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Beatles Music Group

April 16, 2005 | Geoff Boucher and Randy Lewis, Times Staff Writers
When Michael Jackson bought the publishing rights to the Beatles catalog for $47.5 million two decades ago, he said the song he coveted most was "Yesterday." In those brighter times, his own troubles seemed so far away. But today is another matter.
October 15, 2004 | Don Shirley, Times Staff Writer
Cirque du Soleil will mount a Las Vegas production based on Beatles music, replacing the Siegfried & Roy show at the Mirage hotel and casino in 2006, the partners in the project announced Thursday. Beatles producer George Martin will oversee the music. Neither of the surviving Beatles, Paul McCartney and Ringo Starr, will perform, but they issued statements supporting the project, as did Yoko Ono and Olivia Harrison, the widows of John Lennon and George Harrison.
October 13, 2004 | Randy Lewis, Times Staff Writer
America, meet the Beatles. Again. For the first time in the CD era, Capitol Records is issuing the Fab Four's albums as they originally appeared and sounded in the United States. The first batch will be bundled in a four-CD set and titled "The Capitol Albums, Vol. 1," to be released Nov. 16.
August 22, 2004 | Cecilia Rasmussen, Times Staff Writer
A long time ago -- as one of them pointed out on a CD -- they were Fab. More than 40 years ago, a KRLA disc jockey named Bob Eubanks watched the Beatles sing on "The Ed Sullivan Show," and days later decided to mortgage his house to bring them to Los Angeles for their first local appearance. By February 1964, when the nation's youths were riveted to black-and-white TV screens, the simplicity and innocence of the 1950s had ended. On Nov.
August 19, 2004 | From Times Wire Reports
Beatles material reportedly bought for $35 last month by a British tourist at an Australian flea market is not rare memorabilia, a Beatles expert said. London's Times newspaper had reported that a suitcase bought by Fraser Claughton, 41, was packed with Beatles photos, concert programs and unreleased recordings. But Pete Nash, a memorabilia expert who examined the contents, said he saw photocopied ticket stubs, laser-scanned pictures from the 1990s -- and no rare recordings.
July 14, 2004 | From Associated Press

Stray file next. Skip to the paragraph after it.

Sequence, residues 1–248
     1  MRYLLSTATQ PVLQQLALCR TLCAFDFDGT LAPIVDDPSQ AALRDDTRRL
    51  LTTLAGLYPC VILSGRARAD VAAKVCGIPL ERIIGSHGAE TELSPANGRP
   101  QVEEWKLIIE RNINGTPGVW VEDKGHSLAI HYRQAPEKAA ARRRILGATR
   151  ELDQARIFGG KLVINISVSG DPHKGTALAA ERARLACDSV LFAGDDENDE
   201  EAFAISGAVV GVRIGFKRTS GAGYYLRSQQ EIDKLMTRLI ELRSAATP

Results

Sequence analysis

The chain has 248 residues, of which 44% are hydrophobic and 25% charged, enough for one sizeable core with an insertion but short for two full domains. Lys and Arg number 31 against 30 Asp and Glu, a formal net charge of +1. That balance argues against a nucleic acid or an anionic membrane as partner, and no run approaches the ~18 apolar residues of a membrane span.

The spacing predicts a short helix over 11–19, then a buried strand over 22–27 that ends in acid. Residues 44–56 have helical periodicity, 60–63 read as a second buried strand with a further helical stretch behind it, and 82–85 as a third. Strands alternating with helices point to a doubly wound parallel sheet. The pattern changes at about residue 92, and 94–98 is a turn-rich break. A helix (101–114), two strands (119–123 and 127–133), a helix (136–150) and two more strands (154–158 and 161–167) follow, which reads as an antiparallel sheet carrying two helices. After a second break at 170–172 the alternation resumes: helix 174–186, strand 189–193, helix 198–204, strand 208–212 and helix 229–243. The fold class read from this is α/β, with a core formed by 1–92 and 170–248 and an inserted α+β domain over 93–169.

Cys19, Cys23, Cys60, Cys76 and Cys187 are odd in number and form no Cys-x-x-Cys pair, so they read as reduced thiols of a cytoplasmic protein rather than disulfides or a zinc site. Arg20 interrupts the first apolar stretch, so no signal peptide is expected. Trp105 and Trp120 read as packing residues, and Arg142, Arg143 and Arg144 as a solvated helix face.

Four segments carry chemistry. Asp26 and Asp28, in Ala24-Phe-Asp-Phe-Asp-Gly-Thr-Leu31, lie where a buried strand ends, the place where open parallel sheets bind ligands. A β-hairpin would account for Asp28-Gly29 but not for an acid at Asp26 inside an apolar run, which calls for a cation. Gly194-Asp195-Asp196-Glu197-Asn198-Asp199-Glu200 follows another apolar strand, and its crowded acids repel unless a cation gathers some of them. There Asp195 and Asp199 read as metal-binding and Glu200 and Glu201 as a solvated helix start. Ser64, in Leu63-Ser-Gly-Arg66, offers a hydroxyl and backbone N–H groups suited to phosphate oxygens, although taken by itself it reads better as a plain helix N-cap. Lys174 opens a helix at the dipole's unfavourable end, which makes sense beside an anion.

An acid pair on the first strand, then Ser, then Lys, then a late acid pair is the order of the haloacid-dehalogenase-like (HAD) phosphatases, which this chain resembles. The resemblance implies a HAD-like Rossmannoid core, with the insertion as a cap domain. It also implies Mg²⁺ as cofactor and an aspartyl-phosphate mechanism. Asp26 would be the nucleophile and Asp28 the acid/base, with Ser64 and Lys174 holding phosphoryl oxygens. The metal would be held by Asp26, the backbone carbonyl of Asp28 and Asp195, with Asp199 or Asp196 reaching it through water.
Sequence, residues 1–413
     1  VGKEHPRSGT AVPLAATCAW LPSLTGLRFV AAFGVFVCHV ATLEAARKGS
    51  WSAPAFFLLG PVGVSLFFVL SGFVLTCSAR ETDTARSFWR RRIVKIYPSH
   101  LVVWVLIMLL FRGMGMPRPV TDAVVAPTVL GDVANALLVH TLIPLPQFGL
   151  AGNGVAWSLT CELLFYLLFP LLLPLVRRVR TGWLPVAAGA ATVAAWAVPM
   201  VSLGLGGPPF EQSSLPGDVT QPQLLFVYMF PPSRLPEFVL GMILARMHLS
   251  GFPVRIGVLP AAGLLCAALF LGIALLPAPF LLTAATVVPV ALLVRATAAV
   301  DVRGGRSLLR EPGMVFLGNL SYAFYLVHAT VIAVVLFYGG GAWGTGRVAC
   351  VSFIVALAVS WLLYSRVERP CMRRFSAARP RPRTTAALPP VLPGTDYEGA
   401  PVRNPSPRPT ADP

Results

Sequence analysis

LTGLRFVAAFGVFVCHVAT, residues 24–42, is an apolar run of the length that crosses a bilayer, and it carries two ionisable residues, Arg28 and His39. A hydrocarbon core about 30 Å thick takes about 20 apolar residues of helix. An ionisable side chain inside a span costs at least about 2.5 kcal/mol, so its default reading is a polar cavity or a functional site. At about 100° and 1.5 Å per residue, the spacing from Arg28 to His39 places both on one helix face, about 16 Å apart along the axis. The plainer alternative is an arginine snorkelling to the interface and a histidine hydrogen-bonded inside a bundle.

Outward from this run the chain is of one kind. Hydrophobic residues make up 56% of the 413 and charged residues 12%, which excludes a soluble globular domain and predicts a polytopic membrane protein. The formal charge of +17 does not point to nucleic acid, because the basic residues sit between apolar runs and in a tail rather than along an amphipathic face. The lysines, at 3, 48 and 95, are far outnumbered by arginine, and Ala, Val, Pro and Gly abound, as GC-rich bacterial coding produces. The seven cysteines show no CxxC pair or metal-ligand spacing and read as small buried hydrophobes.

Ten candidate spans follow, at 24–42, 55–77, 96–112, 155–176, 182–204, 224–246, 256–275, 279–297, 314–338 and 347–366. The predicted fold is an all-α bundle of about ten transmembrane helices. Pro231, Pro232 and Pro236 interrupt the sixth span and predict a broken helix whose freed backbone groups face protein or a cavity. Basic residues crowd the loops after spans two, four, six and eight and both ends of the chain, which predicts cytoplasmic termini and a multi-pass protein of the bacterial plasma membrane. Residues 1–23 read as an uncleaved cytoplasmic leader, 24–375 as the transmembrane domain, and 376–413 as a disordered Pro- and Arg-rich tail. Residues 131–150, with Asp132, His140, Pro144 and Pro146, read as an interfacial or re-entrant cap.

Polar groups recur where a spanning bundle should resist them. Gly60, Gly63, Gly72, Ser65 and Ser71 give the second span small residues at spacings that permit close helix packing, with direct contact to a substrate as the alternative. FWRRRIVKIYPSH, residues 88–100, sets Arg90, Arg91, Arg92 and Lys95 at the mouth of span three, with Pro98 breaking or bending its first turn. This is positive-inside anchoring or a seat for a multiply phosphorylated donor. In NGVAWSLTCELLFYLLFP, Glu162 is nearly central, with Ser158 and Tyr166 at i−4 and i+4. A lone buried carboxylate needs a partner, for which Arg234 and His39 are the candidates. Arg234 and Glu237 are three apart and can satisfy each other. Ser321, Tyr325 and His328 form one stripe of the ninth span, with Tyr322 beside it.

All you need is luck. A vacationer who purchased a suitcase at an Australian flea market found a trove of Beatles memorabilia inside, including photos, concert programs and unreleased recordings, a London newspaper reported Tuesday. While the materials have yet to be authenticated, the Times said, some experts believe the collection is the lost "Mal Evans archive," originally belonging to the Beatles' roadie and recording engineer.
June 15, 2004 | Randy Lewis, Times Staff Writer
How different might "(I Can't Get No) Satisfaction" sound if Mick Jagger revealed that the Rolling Stones' classic was really about his failure to get a faulty toaster replaced under warranty? What if it were just a missing contact lens that inspired Bono to write U2's "I Still Haven't Found What I'm Looking For"?
June 10, 2004 | From Reuters
Representatives of the Beatles are said to be in discussions with various online music services about licensing their songs for distribution on the Internet. Representatives of the group's two surviving members, Paul McCartney and Ringo Starr, could not be reached for comment. The British band has been one of the longest holdouts in releasing their catalog for sale online.
June 3, 2004 | Randy Lewis
Paul McCartney says the Beatles' hit "Got to Get You Into My Life" was a song about marijuana, "Day Tripper" was about LSD and "Lucy in the Sky With Diamonds" was indeed about dropping acid. In a new interview in which he details his drug use while he was a member of the Fab Four, published this week in Uncut magazine, McCartney says he unknowingly tried heroin once and used cocaine for about a year around the time the group was working on its landmark 1967 album "Sgt.
March 31, 2004 | From Bloomberg News
A U.S. judge ruled that a trademark lawsuit brought by Apple Computer Inc. against a company owned by members of the Beatles and their families can be heard in California. District Judge Ronald Whyte in San Jose last week denied a motion to dismiss filed by Apple Corps Ltd. However, the British High Court still has to rule on the request by Apple Computer, which sells iPod digital music players, to move the suit to the U.S.
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